Lo-fi bedroom producer (though don't tell him that) Alex G, hailing from Philly and the city's Temple University, might only be 21, but with his 'debut' record DSU, he demonstrated a talent wildly beyond his years. Many have drawn comparisons between Alex G(iannascoli) and Elliot Smith, and while flattering, they're tenuous at best. Since when did Smith spend evenings singing as quietly as possible into Garageband so not to piss off his roommate?

'Cards', despite not actually being included on that outstanding premiere gambit, is probably the finest cut he's spewed out this year - and we're not short on those. He's about 10 releases deep into his Bandcamp career (not all this year, mind), but his public blossoming has only arrived since his cultish fanbase spilled over into the wider world of the Internet - in the midst of that, he dropped 'Cards'. Part Animal Crossing-woodwind, part scratchy guitar jangles, part hoarse-harmonied sweetness, it's a strange track to have excluded from DSU, given how ruddy marvellous it is.

It's only just over two-and-a-half minutes long, but in that time, Giannascoli fuses immense melody and warmth with the fuzz that comes with his hardware limitations. There are only a few tracks poppier on his album, but there are none that melt your insides so ably; it's a top notch slab of noise from one of the most acclaimed songwriters of the year.

10. Taylor McFerrin - 'Antidote'

'The Antidote' itself is a sumptuously organic percussion - shakers, woodblock clicks, sharp hi-hats - arranged in garage style, washed with waves of synth that inspire low-key euphoria. Guitar joins the party by the end, muffled with slight distortion and gentle wah-wah, ending the track with a sound that conjures exotic desert raves supplied with deliciously frosty fruit punch and an eternity of sunshine.

9. Grouper - 'Call Across Rooms'

Grouper, aka Liz Harris, describes 'Call Across Rooms' in a Vogue interview as, "on one level very plain and literal, about a letter I wrote for someone I loved and could not get along with." She continues, "On a more subconscious, poetic level, it is a letter to myself, as aspiration to love better." From the outside, the delicate haunt of Harris' vocals and piano arrangements are effortlessly haunting and profoundly pulling, making for an endearing new impression.

8. East India Youth - 'Heaven, How Long'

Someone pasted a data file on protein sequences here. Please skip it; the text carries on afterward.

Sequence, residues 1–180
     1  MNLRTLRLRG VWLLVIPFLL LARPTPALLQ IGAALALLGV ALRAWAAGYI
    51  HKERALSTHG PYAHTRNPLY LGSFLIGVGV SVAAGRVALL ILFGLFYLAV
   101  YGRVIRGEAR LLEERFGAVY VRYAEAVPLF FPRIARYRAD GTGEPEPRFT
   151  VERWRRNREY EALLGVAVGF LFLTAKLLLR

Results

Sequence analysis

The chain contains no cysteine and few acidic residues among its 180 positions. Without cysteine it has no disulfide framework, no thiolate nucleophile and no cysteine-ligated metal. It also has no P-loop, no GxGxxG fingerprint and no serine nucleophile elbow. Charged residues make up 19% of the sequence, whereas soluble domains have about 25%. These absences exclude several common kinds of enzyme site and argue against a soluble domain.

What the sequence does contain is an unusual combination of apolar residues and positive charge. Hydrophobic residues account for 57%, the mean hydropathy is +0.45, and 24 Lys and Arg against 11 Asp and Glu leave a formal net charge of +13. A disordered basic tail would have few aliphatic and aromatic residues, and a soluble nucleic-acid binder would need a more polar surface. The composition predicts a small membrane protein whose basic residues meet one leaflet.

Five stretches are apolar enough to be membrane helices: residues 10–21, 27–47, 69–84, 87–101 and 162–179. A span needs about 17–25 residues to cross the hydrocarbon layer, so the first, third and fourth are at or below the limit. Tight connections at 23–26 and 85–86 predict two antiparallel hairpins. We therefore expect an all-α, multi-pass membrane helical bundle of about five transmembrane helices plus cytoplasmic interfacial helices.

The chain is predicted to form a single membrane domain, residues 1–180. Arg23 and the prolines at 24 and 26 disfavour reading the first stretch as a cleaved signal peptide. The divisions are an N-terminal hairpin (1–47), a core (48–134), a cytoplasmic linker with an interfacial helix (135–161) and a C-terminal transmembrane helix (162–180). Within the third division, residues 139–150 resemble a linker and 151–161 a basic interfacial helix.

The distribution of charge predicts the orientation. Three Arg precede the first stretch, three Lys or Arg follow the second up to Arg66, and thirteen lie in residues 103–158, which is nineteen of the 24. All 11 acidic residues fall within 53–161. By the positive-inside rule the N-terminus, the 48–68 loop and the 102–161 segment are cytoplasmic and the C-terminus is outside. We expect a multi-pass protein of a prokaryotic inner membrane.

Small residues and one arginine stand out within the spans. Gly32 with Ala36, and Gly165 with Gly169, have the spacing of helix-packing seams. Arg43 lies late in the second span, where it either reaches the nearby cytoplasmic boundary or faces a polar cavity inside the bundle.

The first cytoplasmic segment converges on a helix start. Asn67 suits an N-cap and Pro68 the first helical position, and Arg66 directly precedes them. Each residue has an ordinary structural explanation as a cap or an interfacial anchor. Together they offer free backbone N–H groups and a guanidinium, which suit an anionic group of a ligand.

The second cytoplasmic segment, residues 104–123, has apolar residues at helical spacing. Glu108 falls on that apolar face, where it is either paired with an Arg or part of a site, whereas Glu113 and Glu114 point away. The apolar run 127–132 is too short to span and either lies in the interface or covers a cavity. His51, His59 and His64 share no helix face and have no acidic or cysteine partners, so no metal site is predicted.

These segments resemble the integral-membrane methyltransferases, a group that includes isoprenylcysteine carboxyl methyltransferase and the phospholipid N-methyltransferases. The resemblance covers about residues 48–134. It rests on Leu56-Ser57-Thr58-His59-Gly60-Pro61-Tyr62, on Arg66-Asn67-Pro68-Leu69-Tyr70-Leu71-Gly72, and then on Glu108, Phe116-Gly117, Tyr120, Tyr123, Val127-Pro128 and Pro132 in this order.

In January of this year, above Gulliver's - a small pub in Manchester's Northern Quarter - East India Youth stood in front of around 150 people and played a set like no other. Passionate thumps on his equipment - which he almost dropped from the stage - resulted in a cut to his forehead which bled throughout the show. He didn't even know he'd cut himself until I told him after he climbed off the raised floor - he was that focused. It's that sort of intensity and desire which is reflected in his Mercury Nominated Total Strife Forever, and more specifically in its shining star 'Heaven, How Long'. This guy builds tension like Vince fucking Gilligan: patience and meticulousness suddenly make way for a final explosion which, in the case of 'Heaven, How Long,' is akin to an adventure through outer space at breakneck speeds. Rapid-fire whacks of double-time kick drums push this fantastical odyssey to its climax, almost spiralling completely out of control to finish off the album's A-side.

7. Schoolboy Q - 'Break The Bank'

TDE's ScHoolboy Q provided us with one of the best rap songs of the year, 'Break the Bank' produced by The Alchemist. The piano chords sound like they come straight from a classic horror film. Four seconds shy of a six minute playtime, there isn't a moment where the song appears to drag. 'Break the Bank' made us reminisce on 50 Cent's early music. The same ruthless, energetic flow that we heard on songs such as 'Many Men' and 'Back Down' can be found in 'Break the Bank', along with a catchy hook. According to the rapper, he hated it at first but The Alchemist was able to persuade him and it's not hard to see why.

6. FKA Twigs - 'Two Weeks'

Tahliah Barnett's year can only be described as... 'not too shabby'. We gave her a bright, shiny 10/10 for her debut LP1, and in a rare occurrence, most outlets agreed. She also went and got a Mercury nod, and has been essentially solidified into many-a-mind as a consummate showwoman: from her enthralling live experiences, replete with avante-breakdance sections, chiaroscuro extravaganzas (extravaganzi?) and near-perfect vox, to her strident ambition in her AV magnum opuses.